The final and fateful day of the collapse of the Bridge of San Luis Rey arrives as the destinies of all these characters come together. Uncle Pio is returning from La Perrichola's hideout in the Andes with the little child Jaime on his back. The lonely Esteban, who has spent a few days up at Captain Alvarado's house in the mountains, is returning to Lima to embark upon his journey to Spain. La Marquesa is returning from a pilgrimage to Brother Juniper's church in the mountains, where she has travelled to beg God for forgiveness of her past misdeeds, with Pepita in tow. The Marquesa, Pepita, Esteban, Uncle Pio, and little Jaime step onto the bridge, and before Brother Juniper's eyes, plunge to their deaths as the ropes of the bridge break. The flashback ends, bringing us back to the interrogation of Brother Juniper by the Archbishop. The Archbishop denounces his writings as heretical, as the "work of the devil", because Brother Juniper's close search for a historical, mathematical proof of God demonstrates doubt of God. This absurd accusation is supported by all those in the court, including the Viceroy. La Perrichole is brought in to testify for Brother Juniper, but the smallpox that has disfigured her face causes the Viceroy to refuse to acknowledge her identity, making her testimony useless. The Archbishop condemns Brother Juniper to be burned at the stake, with all the copies of his book, "The Bridge of San Luis Rey".
The film was shot on location in Spain, despite its setting being Peru. The focus is on the elaborate power structure of the Spanish colonial system, on the lavish and exaggerated lifestyles of the power-hungry Spanish elites. These elites are portrayed as ridiculous, pompous, and stupid. The Viceroy and his aides are hedonistic and decadent wig-wearing fools, who care little for the proper governance of the colony and more about entertaining themselves. The Marquesa is a fat, desperate and lonely woman who uses her obscene wealth to gain favour in the court. Uncle Pio and La Perrichole, who are lower on the hierarchical ladder of the colony, will do anything to be accepted by these elites, even betray themselves. The costumes in the film, which were praised by critics (the only thing praised by critics) are luxurious and exaggerated, demonstrating the wealth and decadence of the ruling elites. Only Brother Juniper lies outside this struggle for social status; he lives a frugal life among the natives, tending to his church. His good deeds are denounced by the Church, which opposes his education of the natives and his challenge of the Church's corruption. In the colonial system, climbing the social ladder and gaining prestige is of the utmost importance, and goodness is squashed under the quest for power.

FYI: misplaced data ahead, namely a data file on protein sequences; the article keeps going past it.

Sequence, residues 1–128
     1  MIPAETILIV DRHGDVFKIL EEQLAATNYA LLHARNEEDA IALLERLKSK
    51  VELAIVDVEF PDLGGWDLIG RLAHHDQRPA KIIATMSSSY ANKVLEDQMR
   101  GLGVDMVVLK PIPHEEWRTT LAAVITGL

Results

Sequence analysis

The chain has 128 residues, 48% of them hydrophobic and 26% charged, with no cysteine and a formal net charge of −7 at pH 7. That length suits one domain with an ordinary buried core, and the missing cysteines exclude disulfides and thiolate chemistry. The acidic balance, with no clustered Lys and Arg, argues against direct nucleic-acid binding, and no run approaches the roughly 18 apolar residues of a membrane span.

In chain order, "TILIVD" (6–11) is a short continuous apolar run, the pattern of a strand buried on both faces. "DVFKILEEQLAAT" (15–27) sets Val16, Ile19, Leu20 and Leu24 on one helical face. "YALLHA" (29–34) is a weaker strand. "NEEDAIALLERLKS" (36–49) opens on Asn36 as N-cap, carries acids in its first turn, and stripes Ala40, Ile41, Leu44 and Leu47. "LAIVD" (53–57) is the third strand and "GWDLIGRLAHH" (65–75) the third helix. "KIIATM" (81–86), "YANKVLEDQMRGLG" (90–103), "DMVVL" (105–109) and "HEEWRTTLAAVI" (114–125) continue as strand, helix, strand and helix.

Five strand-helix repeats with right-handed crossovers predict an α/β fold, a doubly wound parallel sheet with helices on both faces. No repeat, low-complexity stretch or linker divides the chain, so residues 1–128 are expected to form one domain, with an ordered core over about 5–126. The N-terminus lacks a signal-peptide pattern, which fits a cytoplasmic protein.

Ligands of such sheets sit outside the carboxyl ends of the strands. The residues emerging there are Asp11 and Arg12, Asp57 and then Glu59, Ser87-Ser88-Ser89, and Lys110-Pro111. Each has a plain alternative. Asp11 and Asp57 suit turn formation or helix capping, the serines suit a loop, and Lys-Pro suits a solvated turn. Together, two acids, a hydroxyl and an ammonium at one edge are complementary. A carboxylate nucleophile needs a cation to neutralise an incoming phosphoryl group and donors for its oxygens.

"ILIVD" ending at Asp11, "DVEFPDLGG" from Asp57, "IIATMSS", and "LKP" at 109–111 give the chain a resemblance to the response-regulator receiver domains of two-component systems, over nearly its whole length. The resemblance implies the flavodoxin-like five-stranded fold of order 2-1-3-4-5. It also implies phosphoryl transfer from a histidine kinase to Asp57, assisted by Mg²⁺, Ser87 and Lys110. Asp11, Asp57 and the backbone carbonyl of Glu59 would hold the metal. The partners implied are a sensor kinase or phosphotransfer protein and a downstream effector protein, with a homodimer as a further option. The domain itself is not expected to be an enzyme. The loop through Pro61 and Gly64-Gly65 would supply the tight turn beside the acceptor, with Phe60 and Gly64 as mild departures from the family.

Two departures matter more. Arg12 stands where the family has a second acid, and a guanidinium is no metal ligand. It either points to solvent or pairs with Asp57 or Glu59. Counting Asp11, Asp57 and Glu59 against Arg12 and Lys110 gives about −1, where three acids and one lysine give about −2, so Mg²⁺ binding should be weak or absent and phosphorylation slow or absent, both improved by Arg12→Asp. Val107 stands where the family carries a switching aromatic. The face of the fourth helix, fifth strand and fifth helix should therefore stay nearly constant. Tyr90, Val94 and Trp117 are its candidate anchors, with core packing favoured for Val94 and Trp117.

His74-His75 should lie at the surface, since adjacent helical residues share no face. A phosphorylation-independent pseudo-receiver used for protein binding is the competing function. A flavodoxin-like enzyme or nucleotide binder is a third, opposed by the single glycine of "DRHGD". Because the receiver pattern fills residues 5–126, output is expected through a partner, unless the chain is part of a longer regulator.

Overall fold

It seems that the deaths of the repentant Marquesa, the kind Pepita, the suffering Esteban, the benevolent Uncle Pio, the innocent little Jaime, and the holy Brother Juniper prove that in colonial Peru, goodness can't survive. The good are taken up to heaven, where they are free from the evils of their fellow men. Colonial Peru is a place for wicked men to play their petty games and pay for them with boredom, desperation, and sickness. Brother Juniper's search for God's will reveals that God rewards those who are good, who repent for their sins and help others, by removing them from the cruel world, while leaving the power-hungry to their wicked lives on earth. The manipulation of religious faith by the Archbishop and the Viceroyalty as a means of achieving political power shows their godlessness, a godlessness that permeates the air of colonial Peru.
Labels: andes, colonialism, peru